We celebrated Pongal/Shankaranthi by attending our citizenship interview. A totally different post will most probably follow about how Suresh aced it.. This post is part of the Indian Cooking challenge , which I was foolish enough to have started participating. Why do Indian cooking have to be so tedious. And we assume, the most tedious foods are the tastier ones , sometimes rightly so. Once,I prepared Basundhi from scratch, with boiling the milk and all. It was my first and only time. I don’t have a sweet tooth per se and guess that is part of it. I cite health reasons for not consuming sweets as we all know sugar is one of the worst refined products out there. But, give me deep fried and I can’t resist it. One needs to yield to a little temptation every now and then. Anyway, as part of the Cooking Challenge,we were asked to make Moong Halwa, which I had not tasted before . It is more or less like Badam halwa, but with Moong dal ,instead of Badam.
Split (Yellow) Moong dhal – 1 cup
Ghee – 1/2 cup
Sugar – 3/4 cups to 1 cup (as per required sweetness)
Milk – 1/2 cup
Cashews/ raisins roasted in ghee for garnish.
1. Soak 1 cup moong dal overnight and grind to a paste.
2. Add the dhal to 1/4 cup ghee and stir continuously, not allowing lumps to form. This part is very tricky as the dhal cooks really fast, irrespective of the ghee.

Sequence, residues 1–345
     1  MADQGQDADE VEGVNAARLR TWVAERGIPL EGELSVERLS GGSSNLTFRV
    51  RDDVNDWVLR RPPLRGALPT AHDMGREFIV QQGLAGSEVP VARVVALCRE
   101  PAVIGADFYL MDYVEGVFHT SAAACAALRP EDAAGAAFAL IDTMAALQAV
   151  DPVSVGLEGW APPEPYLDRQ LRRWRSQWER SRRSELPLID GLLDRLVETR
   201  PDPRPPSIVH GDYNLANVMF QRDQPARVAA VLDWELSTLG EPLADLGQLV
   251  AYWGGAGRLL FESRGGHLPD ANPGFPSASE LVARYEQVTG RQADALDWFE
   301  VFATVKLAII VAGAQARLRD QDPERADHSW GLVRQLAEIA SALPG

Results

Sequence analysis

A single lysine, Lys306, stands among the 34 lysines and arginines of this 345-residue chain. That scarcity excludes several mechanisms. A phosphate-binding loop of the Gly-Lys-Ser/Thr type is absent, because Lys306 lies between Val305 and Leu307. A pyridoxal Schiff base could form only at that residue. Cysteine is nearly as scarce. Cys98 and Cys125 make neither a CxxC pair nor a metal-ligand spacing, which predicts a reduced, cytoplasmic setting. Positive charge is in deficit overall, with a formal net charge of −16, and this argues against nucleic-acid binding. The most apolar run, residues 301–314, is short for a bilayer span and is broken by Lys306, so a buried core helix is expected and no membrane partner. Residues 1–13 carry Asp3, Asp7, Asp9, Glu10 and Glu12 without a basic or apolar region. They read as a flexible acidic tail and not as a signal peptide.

3.Keep stirring even after the dhal becomes thick and add the rest of the ghee intermittently and cook the dhal until aromatic and the ghee starts oozing out.
4.Meanwhile mix the sugar with water/ milk in a pan and bring to a boil. Add this slowly to the cooking dhal.
5.Cook until the ghee surfaces.
Garnish with cashews and raisins or whatever you want to.
Notes: 1. I added a little bit less ghee. And I used raw sugar , which is brown instead of refined white and so, my halwa looks brown in color.
2. I used evaporated milk. Regular milk will do of course.
3. I still prefer Badam halwa. I guess, if I add more ghee, it might taste even better.
4. I think we should be able to make it by roasting the dhal, grind it into a powder and cook it, instead of soaking and grinding.